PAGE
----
Having confidence that the Connection won’t choose an idle physical connection at re-balance sounds good, right?  So why not make this the default behavior?

Well, this adds some overhead to re-balance operations – in particular, commit().  If you have a JDBC connection pool that can maintain load-balanced connections adequately using the /*ping */ connection validation query, checking the physical connection at each commit() can be unwelcome overhead.  It also doesn’t guarantee the Connection won’t throw a CommunicationException – with applications connecting over a network, a disconnect is possible at any time.

Hopefully this tip will help users of GlassFish (and other JDBC connection pools where validation queries cannot be specified) be more successful with load-balanced MySQL deployments.

Connector/J now supports authentication plugins

Many people are aware that MySQL 5.5 added support for external authentication plugins, and that Oracle provides several commercial-licensed plugins that can help users leverage this functionality out-of-the-box (you can try these and other features of MySQL commercial offerings for free).  Until the recent release of Connector/J 5.1.19, though, JDBC users could not leverage the plugin capabilities of MySQL 5.5.  Now, Java users can write their own client-side plugins in support of the standard MySQL 5.5 external authentication plugins, or even server-side external authentication plugins they write themselves.

This release (and this feature, specifically) is also significant in at least one other way:  It’s the first release (and feature) of Connector/J authored by Alexander Soklakov – the newest member of the Connectors team and crack Java developer.  Like most things at MySQL, there was a good team backing Alex up (with Mark Matthews helping define the architecture, Rafal Somla coordinating the protocol-level changes, and Tonci Grgin overseeing it all).  Way to go, Alex and team!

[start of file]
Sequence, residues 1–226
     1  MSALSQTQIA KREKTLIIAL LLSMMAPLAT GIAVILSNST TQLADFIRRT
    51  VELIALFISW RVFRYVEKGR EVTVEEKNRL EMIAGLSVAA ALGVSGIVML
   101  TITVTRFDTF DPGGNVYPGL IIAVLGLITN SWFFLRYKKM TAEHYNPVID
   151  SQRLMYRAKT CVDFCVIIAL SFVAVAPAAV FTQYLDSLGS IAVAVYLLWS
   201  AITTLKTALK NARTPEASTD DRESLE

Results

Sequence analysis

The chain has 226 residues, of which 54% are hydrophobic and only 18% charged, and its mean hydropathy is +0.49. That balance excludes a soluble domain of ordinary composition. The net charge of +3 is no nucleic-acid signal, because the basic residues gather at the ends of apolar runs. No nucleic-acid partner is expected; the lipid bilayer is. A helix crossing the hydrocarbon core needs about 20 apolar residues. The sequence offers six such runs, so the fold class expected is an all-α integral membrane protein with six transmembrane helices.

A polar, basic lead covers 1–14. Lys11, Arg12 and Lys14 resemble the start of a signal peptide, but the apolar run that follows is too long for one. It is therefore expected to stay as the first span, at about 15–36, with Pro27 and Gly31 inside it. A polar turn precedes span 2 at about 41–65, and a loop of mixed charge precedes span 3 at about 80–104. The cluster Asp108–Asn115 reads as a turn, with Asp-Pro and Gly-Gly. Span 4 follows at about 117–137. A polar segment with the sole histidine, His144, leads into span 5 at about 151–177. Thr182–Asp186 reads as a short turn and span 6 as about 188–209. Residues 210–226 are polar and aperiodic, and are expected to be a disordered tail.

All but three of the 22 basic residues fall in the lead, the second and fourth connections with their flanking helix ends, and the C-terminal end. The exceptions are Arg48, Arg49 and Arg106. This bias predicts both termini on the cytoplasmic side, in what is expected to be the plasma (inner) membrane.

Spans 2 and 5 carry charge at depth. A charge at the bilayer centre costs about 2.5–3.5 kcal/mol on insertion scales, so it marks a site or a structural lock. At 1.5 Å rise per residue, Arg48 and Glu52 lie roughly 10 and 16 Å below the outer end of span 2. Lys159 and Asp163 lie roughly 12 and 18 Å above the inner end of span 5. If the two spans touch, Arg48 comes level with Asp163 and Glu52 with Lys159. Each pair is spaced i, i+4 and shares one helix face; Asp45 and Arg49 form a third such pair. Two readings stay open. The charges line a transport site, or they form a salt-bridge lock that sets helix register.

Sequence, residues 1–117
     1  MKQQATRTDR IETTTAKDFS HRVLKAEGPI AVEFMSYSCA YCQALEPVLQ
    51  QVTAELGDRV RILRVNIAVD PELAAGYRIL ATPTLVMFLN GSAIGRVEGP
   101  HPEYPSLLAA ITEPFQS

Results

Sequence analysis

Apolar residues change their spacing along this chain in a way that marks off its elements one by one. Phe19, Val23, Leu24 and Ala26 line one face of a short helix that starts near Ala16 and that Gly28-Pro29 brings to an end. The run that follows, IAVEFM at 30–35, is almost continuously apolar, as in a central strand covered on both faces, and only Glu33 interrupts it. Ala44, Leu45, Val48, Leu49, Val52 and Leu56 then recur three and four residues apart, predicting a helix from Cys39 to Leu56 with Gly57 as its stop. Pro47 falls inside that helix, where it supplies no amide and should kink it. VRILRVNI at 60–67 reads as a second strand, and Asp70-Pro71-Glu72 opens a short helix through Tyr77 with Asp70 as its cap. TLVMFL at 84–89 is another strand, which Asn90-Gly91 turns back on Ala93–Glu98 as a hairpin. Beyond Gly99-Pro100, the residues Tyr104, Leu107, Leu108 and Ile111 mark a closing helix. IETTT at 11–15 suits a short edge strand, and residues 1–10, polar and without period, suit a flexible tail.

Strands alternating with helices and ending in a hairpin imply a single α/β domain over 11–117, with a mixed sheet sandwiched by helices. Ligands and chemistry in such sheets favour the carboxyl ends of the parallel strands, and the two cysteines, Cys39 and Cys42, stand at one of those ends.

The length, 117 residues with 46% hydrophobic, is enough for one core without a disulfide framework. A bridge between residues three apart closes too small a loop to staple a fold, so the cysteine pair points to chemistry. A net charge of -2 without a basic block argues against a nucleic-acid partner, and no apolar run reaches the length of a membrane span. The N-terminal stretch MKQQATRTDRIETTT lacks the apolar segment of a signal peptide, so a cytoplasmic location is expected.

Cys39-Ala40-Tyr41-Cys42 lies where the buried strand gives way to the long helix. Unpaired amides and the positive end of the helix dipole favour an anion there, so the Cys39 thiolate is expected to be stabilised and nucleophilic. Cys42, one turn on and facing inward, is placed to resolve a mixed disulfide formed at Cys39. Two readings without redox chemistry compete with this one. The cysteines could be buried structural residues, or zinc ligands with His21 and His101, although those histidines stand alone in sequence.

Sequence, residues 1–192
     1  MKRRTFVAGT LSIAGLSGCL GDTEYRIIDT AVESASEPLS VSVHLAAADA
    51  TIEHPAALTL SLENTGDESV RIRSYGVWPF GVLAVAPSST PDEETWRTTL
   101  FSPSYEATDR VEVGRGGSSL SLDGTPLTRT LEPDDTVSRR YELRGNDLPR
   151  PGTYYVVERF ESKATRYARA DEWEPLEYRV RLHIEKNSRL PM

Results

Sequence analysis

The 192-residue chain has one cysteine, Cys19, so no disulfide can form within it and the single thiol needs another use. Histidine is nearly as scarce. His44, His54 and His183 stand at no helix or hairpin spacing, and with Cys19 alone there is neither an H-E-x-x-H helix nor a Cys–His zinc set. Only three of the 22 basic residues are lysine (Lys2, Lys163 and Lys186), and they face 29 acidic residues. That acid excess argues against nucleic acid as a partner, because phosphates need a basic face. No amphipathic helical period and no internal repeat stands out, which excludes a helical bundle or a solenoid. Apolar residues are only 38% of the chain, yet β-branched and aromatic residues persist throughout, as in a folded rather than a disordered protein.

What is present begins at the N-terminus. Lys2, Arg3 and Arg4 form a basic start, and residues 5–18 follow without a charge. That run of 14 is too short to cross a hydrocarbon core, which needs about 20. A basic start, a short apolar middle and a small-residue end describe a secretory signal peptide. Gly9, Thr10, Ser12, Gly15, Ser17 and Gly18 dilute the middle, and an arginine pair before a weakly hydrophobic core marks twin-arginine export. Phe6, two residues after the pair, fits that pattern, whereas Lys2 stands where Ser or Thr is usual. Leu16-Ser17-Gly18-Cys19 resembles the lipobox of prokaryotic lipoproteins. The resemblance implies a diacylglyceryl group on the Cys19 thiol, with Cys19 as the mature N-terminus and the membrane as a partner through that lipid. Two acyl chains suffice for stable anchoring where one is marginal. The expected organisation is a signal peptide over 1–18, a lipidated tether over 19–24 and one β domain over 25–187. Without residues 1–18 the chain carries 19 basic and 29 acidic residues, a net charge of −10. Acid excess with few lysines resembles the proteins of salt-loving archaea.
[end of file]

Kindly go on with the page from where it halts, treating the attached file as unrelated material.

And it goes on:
Because the key MySQL 5.5 external authentication plugins are platform dependent (PAM, Windows), they may not be the best fit for Java users, where platform independence (and lack of reliance on native code) is a big priority.  We’re always interested to receive feature requests, though, so if you have an idea for how you would want to use MySQL external authentication in the context of your Java application, please let us know (comment here, or register the request at bugs.mysql.com).

The original purpose for writing this blog entry, however, was to supplement my previous entries on other Connector/J extension points.  Much to my chagrin, but your benefit, Alexander was way ahead of me.  The public docs haven’t quite caught up, but there’s great content in the CHANGES file.  He even includes example and test implementations.  I’ll just quote the CHANGES file directly: